ADA comments on proposal for overtime pay changes
September 01, 2015
Washington — The Association Sept. 1 urged the U.S. Department of Labor to reconsider its proposed rule to expand the number of full-time salaried workers eligible for overtime pay.
In a letter to the director of the Division of Regulation, Legislation and Interpretation, ADA President Maxine Feinberg and Executive Director Kathleen O’Loughlin said the revision could leave some dental employers affected by the change with the options of raising fees, which could be detrimental to millions of American already struggling to pay health care bills, or limiting the hours some employees work, which is not realistic for many dental practices because of after-hours emergencies and other patient problems that make working hours unpredictable.
“We urge the Department to reconsider its proposed change to the salary test as it applies to dental practices. Doing so will help prevent a rise in health care costs for our most vulnerable citizens,” Drs. Feinberg and O’Loughlin state in the letter.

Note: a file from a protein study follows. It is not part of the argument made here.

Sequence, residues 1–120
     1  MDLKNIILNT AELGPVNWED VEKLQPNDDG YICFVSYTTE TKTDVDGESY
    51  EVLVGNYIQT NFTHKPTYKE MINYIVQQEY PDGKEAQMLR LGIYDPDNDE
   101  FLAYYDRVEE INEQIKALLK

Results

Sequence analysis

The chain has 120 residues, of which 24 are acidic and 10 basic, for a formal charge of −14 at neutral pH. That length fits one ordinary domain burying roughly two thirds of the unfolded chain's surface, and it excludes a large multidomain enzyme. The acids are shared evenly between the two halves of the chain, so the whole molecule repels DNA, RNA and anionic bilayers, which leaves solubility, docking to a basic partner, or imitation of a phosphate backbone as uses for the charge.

The proposed change to the Fair Labor Standards Act would revise a minimum salary level test that helps determine whether a full-time salaried employee is exempt from federal overtime pay rules. Other tests, which include evaluating the nature of the employee’s duties and whether the salary is predetermined and fixed, would not be affected.
Under the proposed rule, according to the ADA letter, any dental practice with over $500,000 in annual dollar volume would have to pay overtime wages to salaried employees who are currently exempt and paid between $455 a week ($23,660 annually) and $921 a week ($47,892 annually.)
Responses from the ADA’s volunteer leaders suggest around 39 percent of all dental offices have at least one employee in a salaried position, according to the letter. Factoring out annual dollar volume, the proposed rule could impact approximately 20 percent of all dental practices, depending on how many employees are currently exempt, the salaries they receive and whether they typically work more than 40 hours per week, the letter states.
The Department of Labor could issue a final rule in the next few months, and put the regulation in place as soon as early 2016. The last round of overtime and salary exemption rule changes, in 2004, were under review for almost a year.